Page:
The full text of the Secretary General’s address to the annual International Labour Conference in Geneve, June 2006:
I would like to congratulate the Director General for his elaborate and enthusiastic report on the abolition of child labour. It is very pleasing and encouraging to read his remarks that the end of global child labour is within reach, However, the challenge is huge and there is still much work to be done and more measures to be taken to make global poverty history.
Child labour in various countries of the world is the product of poverty and hunger. Recent statistics issued by UNICEF reveals that 25% of the global children have fallen below the level of starvation. This fact is a far cry from what is being said that the problem of global poverty is on the decrease. As a matter of fact there are situations where young children are still being driven into illicit activities to earn a miserable daily living.
The belief that millions of children around the world are being exploited and forced into labour, while not receiving education is of concern to many people. For example, it is still very shocking for us to read that in India alone there are at least 17.5 million working children, mostly in the footwear industry which is also one of India’s major export oriented industry.
In combating global child labour, measures must be taken to guarantee the enforcement of obligatory education where all school-aged children are required to attend school the whole time. I am convinced, as the report of the Director General states, that the concrete measures that are being taken to ensure the respect of fundamental rights will serve also a tool to combat the force of poverty that pulls children out of schools
Mr. President I will now turn to briefly relate the situation in my country. Malta is a very tiny island with a small open economy and where poverty is supposed to form part of the history books.
However, the occurrence of poverty seems to be raising its head once again. Thus, we have a situation where child labour is present on a very small scale although we have yet to find out if it is a hidden problem.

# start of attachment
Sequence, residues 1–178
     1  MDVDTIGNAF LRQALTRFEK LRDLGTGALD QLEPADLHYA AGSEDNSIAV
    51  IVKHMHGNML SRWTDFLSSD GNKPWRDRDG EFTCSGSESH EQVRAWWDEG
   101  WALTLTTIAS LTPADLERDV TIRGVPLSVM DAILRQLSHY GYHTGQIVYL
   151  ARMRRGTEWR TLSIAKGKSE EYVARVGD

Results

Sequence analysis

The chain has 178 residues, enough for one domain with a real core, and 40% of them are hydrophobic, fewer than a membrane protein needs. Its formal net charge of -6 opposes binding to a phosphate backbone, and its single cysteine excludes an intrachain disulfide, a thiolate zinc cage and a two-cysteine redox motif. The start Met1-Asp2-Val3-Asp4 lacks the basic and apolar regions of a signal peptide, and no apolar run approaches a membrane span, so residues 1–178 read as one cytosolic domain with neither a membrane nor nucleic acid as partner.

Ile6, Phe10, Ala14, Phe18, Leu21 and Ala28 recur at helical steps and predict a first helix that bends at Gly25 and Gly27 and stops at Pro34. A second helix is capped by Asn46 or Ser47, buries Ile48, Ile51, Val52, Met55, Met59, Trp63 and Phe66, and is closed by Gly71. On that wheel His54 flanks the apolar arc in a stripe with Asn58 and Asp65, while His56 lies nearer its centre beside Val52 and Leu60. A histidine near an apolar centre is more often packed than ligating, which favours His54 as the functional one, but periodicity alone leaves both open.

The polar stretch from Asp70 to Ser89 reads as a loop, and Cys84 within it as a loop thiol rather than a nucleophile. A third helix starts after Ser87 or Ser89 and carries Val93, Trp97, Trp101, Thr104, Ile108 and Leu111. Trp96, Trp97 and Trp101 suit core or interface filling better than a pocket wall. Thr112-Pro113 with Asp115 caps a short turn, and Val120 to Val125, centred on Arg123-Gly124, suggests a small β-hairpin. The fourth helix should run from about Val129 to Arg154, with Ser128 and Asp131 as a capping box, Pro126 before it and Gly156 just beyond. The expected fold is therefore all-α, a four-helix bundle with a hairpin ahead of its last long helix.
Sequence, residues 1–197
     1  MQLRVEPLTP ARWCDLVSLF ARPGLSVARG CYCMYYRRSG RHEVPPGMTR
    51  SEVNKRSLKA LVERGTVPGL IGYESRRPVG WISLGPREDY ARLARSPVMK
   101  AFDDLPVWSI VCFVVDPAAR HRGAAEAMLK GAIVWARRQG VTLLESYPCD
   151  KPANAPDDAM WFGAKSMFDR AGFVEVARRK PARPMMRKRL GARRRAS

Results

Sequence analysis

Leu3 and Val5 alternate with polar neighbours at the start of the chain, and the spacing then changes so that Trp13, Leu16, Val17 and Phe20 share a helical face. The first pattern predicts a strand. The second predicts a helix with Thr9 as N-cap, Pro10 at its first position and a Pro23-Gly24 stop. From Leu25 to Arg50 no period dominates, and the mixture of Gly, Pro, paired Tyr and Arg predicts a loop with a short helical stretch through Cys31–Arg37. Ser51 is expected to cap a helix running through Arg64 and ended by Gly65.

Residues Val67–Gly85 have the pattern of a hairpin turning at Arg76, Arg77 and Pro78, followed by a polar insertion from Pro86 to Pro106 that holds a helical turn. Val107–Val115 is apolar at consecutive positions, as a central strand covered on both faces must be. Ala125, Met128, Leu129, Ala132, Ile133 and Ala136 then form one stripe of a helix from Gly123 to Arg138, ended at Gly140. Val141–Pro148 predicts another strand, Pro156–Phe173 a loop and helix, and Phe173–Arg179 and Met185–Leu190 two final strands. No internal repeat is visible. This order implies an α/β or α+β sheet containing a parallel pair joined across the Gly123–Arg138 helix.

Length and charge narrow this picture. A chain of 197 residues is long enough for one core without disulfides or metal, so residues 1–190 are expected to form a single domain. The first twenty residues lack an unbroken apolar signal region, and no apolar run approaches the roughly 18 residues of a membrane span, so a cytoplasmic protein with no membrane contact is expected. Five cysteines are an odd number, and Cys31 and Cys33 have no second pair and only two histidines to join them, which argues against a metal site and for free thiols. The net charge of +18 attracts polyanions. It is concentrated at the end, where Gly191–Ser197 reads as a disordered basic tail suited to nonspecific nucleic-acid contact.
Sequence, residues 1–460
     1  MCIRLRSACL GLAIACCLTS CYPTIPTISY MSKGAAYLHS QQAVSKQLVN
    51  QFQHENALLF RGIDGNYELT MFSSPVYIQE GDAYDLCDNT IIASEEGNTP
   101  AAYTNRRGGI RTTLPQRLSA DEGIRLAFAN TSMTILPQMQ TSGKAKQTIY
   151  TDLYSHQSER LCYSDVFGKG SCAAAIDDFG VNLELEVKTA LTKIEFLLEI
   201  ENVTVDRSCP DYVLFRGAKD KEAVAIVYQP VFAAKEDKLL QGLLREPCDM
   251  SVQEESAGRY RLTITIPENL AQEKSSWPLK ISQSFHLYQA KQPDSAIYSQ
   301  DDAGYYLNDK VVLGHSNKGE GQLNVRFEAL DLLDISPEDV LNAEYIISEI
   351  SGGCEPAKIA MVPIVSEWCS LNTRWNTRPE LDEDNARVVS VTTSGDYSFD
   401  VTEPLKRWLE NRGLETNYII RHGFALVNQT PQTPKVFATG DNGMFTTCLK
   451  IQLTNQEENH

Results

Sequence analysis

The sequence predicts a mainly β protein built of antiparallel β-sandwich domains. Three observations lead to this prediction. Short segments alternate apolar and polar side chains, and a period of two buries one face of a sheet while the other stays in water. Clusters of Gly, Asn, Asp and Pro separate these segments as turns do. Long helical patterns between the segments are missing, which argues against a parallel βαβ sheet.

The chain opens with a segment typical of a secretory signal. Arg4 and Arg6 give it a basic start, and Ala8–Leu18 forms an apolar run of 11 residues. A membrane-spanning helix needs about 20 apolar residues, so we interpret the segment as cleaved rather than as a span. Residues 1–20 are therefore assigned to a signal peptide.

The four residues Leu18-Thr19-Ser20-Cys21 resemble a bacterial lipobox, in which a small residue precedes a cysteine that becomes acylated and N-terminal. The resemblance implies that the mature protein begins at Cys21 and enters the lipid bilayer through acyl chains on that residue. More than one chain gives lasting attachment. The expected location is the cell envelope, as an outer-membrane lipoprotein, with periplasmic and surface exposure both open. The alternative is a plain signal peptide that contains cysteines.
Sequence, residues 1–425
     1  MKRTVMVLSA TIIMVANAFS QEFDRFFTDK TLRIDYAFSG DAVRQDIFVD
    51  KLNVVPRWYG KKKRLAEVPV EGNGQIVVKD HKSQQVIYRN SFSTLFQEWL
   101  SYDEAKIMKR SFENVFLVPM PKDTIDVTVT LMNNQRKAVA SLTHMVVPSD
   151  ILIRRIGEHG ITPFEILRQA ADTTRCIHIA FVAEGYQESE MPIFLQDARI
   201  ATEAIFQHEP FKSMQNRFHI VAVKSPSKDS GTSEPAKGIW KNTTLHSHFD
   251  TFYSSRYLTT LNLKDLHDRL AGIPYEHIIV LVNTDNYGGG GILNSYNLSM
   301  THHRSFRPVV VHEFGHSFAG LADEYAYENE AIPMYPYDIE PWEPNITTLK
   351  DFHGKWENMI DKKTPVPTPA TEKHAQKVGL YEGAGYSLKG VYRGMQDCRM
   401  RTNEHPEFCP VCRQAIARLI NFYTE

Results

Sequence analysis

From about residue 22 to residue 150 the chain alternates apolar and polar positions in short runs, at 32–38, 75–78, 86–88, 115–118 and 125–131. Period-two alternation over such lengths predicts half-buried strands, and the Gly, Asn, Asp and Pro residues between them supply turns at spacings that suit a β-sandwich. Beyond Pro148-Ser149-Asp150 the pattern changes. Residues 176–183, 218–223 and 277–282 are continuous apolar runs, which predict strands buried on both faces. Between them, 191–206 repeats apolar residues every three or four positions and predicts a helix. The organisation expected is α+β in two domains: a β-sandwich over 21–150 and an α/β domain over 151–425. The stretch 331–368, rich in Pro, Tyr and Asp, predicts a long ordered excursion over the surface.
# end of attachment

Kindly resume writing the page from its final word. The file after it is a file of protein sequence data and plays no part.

This in view of the fact that statistics in this regard are scare and not available. This in itself presents a major obstacle to our efforts to get to know how far this problem goes on our Island. However, experience shows that in effect child labour exists mainly in small family businesses in the informal sector of the economy.
Though difficult and hard to grasp the real facts, the GWU is doing all that is possible to understand the extent of this problem on our shores, firstly because it is our belief that children’s place until the legal age of 16 is at school and secondly to avoid the exploitation of children in the labour market. Moreover, we are deeply concerned that child labour in Malta could increase due to the social and economic burdens that the workers’ families are constantly made to shoulder through further taxation and other government induced social costs.
We very sincerely hope to be incorrect in our thinking that child labour is a signal that poverty is again on the increase in Malta.
As the Director General himself quite rightly suggests in the Executive Summary of his report, political commitment through the adoption of clear policies in the area of poverty reduction, basic education and human rights are central to combating child labour. I also auger that governments of all countries where poverty and child labour are rampant will adhere to the fundamentals of human rights and make child labour history.